The Gallup poll of foreigners’ views of America, taken in 2007 (less than two years before the Obama administration and my arrival in 2009 in Belgium), revealed that 65 percent of Belgians held an unfavorable view of U.S. leadership.

The U.S. Embassy and I understood that, to achieve our policy goals, we needed to change public opinion about America.

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The Iran Deal and the Prague Agenda

July 13, 2015

Norman L. Eisen (Ambassador to the Czech Republic, 2011-2014)

Cross-posted from Ambassador Eisen’s July 12, 2015 op-ed in the Huffington Post.

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As we near what may be the endgame of the current negotiations with Iran, I am reminded of the place where President Obama announced the overarching strategy that helped produce this moment: Prague. After stating his readiness to speak to Iran in a Democratic primary debate in 2007, and following that up postelection in 2009 with a series of initial statements directed to the Iranians, the President chose the Czech capital to lay out his vision of dealing with the dangers of nuclear weapons in April 2009. That included emphasizing that Iran would not be permitted to obtain a nuclear weapon on his watch: “Rules must be binding. Violations must be punished. Words must mean something. The world must stand together to prevent the spread of these weapons.”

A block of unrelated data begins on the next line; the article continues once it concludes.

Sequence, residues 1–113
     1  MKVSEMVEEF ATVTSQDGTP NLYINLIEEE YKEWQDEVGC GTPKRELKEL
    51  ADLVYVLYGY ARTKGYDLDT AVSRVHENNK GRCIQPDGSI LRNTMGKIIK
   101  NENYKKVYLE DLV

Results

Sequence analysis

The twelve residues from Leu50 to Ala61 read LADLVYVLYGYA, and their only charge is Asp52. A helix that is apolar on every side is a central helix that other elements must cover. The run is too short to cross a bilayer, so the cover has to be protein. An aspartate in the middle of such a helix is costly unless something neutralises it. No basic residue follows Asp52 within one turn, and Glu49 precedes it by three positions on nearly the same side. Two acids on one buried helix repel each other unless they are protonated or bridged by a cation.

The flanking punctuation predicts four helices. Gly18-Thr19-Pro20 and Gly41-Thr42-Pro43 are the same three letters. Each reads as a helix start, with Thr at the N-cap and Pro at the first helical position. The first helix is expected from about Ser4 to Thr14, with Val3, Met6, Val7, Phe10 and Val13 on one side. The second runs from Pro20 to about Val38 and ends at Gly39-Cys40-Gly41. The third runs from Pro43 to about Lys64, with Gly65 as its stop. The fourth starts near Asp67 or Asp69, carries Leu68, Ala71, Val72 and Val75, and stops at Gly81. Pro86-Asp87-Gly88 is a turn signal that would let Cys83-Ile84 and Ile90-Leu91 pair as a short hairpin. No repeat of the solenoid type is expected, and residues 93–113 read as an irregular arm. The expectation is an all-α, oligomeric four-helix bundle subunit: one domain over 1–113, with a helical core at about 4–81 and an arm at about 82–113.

As a result of that 2009 speech, the President’s nuclear strategy became known as the Prague Agenda. I had the privilege to travel with President Obama back to Prague in April 2010 to witness the signing of a major accomplishment in another area under the Prague Agenda, namely the New START treaty. By the following year, April 2011, I was in Prague as U.S. Ambassador. That year, and in the each year that followed, we held an annual Prague Agenda conference to assess the steps that had been taken and the challenges that lay ahead.

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20 years after Srebrenica massacre, women are the healers